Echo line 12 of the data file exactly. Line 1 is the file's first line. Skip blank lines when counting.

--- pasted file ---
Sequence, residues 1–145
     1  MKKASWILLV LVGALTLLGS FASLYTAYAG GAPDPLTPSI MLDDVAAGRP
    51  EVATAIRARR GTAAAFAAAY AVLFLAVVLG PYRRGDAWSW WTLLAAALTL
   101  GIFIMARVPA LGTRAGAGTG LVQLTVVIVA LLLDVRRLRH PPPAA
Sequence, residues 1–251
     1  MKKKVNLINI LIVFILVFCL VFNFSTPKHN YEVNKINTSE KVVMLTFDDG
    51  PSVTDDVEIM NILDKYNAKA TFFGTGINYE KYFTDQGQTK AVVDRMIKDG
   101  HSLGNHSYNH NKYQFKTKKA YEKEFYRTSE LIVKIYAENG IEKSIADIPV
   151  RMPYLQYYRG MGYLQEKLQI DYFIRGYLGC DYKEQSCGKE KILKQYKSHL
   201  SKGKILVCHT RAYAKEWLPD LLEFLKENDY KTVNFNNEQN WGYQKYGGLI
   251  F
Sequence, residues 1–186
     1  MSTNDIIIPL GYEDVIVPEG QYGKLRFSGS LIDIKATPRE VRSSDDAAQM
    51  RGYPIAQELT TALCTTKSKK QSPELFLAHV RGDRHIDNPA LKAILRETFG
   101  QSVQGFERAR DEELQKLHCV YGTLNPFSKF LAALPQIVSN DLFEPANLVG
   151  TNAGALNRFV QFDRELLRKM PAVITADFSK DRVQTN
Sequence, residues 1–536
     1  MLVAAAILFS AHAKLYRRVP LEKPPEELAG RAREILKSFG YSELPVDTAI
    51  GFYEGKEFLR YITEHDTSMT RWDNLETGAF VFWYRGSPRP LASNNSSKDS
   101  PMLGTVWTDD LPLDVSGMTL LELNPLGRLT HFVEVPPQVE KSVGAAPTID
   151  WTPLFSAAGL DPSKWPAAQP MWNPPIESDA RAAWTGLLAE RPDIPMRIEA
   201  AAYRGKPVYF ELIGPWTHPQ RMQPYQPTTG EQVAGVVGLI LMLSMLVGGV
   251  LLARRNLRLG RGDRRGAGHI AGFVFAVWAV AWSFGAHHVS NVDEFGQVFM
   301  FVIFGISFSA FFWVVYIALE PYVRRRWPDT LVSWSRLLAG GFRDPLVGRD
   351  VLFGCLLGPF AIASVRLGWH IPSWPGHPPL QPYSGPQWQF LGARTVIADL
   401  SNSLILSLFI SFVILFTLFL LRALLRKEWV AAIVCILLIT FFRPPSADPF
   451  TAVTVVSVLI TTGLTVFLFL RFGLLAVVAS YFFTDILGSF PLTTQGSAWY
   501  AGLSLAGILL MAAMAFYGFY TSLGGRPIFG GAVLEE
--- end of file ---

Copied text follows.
Sequence, residues 1–186